April 15, 2019, the evening of Monday in Holy Week
Notre-Dame de Paris is burning. The cathedral’s spire has fallen. The roof has collapsed. Firefighters have been on the scene for hours. The fire won the fight. “There will be nothing left,” a spokesman for Notre Dame told the BBC. It’s almost that bad: The towers and façade will be spared, but much of the interior, including the famous carved woodwork that was the labor of generations, has gone up in the flames, like Elijah in his chariot, en route to heaven.
“The eldest daughter of the Church,” France’s title of endearment among Europe’s Catholics, has worn Notre Dame, the Cathedral of Our Lady, as its crown since the High Middle Ages. Over the centuries, its vaults, flying buttresses, gargoyles, and rose windows came to assume the status of ancient icons, symbols of Western Christian civilization. We sometimes forget what a breath of wild fresh air Gothic architecture must have been when it began to spring up here and there in northern Europe in the 12th century. The angular verticality pulled the eyes upward and the mind toward things of heaven, like a grove of towering oaks.
Ground for Notre Dame was broken in 1163. Twenty-six years later, the high altar was dedicated. The choir, the nave, and the main, western façade were completed by the middle of the following century. Chapels and various additions were gradually added, one by one. A great cathedral is never completed. After its first hundred, two hundred years, give or take a few, its frame has been established and its general demeanor has been settled, and succeeding generations of artists are afforded the luxury of homing in on delicate, carefully thought-out embellishments, icing on the wedding cake.
Notre Dame has been the site of royal weddings and coronations, of papal Masses and of funeral Masses for heads of state. For the tourist, its beauty overshadows its function, which is to provide for the celebration of the Eucharist a house as worthy as mere mortals are capable of building. Immersed in its purpose, the pilgrim feels its magnificence all the more keenly. Theology and sacred history explained themselves through statues of saints and biblical figures: scripture for all who had eyes to see, including the unlettered. Much of that treasure was destroyed in the violence of Christian iconoclasm during the Protestant Reformation and then in the violence of the French Revolution, not to mention the intervening misguided renovations that included the removal of some medieval stained-glass windows. After a few subsequent restoration projects, one of which left the façade cleansed of longstanding grime so that the white stone underneath shone as it did in the cathedral’s youth, Notre Dame began to be itself again by the second half of the 20th century.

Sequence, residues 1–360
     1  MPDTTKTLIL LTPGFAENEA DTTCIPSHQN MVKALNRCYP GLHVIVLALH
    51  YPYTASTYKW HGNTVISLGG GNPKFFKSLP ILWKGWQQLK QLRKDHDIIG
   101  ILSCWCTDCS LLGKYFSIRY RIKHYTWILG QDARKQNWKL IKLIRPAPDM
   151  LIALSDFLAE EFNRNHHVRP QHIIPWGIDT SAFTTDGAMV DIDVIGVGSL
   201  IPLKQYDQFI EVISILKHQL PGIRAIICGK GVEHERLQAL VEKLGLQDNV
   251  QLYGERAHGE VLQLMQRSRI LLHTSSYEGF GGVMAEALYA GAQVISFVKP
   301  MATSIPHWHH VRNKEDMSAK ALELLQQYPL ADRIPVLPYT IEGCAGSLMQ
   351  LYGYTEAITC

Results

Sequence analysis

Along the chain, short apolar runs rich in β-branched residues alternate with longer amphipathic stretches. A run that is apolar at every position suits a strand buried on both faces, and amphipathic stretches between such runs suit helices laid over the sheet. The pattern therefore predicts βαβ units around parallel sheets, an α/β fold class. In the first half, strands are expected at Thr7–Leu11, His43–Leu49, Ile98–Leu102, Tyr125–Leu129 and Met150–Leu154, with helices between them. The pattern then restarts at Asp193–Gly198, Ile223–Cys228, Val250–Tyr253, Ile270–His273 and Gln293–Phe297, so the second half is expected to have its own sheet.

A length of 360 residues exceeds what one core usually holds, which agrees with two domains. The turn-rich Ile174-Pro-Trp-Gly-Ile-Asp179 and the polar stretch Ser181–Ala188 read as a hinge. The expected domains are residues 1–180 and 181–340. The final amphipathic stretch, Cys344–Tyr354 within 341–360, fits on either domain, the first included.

No one knows what any one craftsman thought and felt as he chiseled, sculpted, laid stones, or otherwise contributed to this monument to God, by way of Mary, the mother of His Son, but from the result of their collective work we glimpse the size of the love that the people of Paris as a whole have had for their faith. They’ve poured a lot of human soul into that structure. Notre Dame echoes emotions etched deep into the marble of Saint Mary Major, that ancient jewel of a Roman basilica likewise dedicated to Our Lady — the same poem, sung in a different architectural language.
Authorities say they haven’t determined the cause of the fire that broke out on the Île de la Cité at 6:30 this evening of Monday in Holy Week. Plots to destroy the cathedral have been foiled by law enforcement the past couple of years. Catholic churches across France have been hit by a spate of vandalism in recent months. In March, fire damaged the Church of Saint-Sulpice in the sixth arrondissement. Firefighters said it was arson; police are still investigating. We don’t know enough to say whether the fire at Notre Dame is the latest, most spectacular incident in some ongoing sinister plot against the Church in France, so we look for guidance to Our Lady of Prudence, charting a course between conspiracy-mindedness and naïveté.
VIEW GALLERY: Fire at Notre-Dame Cathedral
The Church of the Holy Sepulchre — or of the Resurrection, as it’s known to the Eastern Orthodox — is by some accounts the holiest site for Christians of all persuasions and denominations. Erected on the site in Jerusalem where Jesus is reputed to have been crucified and buried and to have risen from the dead, Holy Sepulchre, almost twice as old as Notre Dame, has been destroyed by fire, rebuilt, destroyed by a caliph, and rebuilt again. Let French Catholics take courage from the precedent. The rest of us can figure out how to contribute to reconstruction efforts if we want to.
A few relics that you would think belonged to Holy Sepulchre — a piece of the cross to which Jesus was nailed, one of the nails, the crown of thorns with which Roman soldiers tortured and mocked him — have been housed at Notre Dame in fact, and they escaped damage, according to reports. If you find hope or symbolic meaning therein, thank God, and apologize to no one for it.
Good Friday came a few days early for Notre-Dame de Paris this year. Easter follows: You may be in no mood to accept that statement as a gesture toward consolation. It does, however, remain the truth.